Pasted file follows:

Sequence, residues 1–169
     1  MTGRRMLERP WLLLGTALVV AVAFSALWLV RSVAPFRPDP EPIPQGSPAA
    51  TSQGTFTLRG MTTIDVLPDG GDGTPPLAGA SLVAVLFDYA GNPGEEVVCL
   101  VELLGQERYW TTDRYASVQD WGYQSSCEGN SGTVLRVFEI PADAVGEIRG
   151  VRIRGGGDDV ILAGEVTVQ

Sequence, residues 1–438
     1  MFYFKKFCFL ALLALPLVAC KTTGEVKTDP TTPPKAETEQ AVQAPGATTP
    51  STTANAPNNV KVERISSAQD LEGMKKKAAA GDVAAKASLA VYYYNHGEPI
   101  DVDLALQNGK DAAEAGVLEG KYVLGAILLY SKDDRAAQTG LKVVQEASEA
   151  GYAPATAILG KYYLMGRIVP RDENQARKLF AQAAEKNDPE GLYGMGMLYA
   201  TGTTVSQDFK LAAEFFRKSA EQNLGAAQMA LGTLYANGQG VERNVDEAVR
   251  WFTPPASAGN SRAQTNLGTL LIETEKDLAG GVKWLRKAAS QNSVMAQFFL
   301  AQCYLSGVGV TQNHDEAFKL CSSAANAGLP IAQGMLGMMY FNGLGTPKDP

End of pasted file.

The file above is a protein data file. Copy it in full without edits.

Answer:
Sequence, residues 1–169
     1  MTGRRMLERP WLLLGTALVV AVAFSALWLV RSVAPFRPDP EPIPQGSPAA
    51  TSQGTFTLRG MTTIDVLPDG GDGTPPLAGA SLVAVLFDYA GNPGEEVVCL
   101  VELLGQERYW TTDRYASVQD WGYQSSCEGN SGTVLRVFEI PADAVGEIRG
   151  VRIRGGGDDV ILAGEVTVQ

Sequence, residues 1–438
     1  MFYFKKFCFL ALLALPLVAC KTTGEVKTDP TTPPKAETEQ AVQAPGATTP
    51  STTANAPNNV KVERISSAQD LEGMKKKAAA GDVAAKASLA VYYYNHGEPI
   101  DVDLALQNGK DAAEAGVLEG KYVLGAILLY SKDDRAAQTG LKVVQEASEA
   151  GYAPATAILG KYYLMGRIVP RDENQARKLF AQAAEKNDPE GLYGMGMLYA
   201  TGTTVSQDFK LAAEFFRKSA EQNLGAAQMA LGTLYANGQG VERNVDEAVR
   251  WFTPPASAGN SRAQTNLGTL LIETEKDLAG GVKWLRKAAS QNSVMAQFFL
   301  AQCYLSGVGV TQNHDEAFKL CSSAANAGLP IAQGMLGMMY FNGLGTPKDP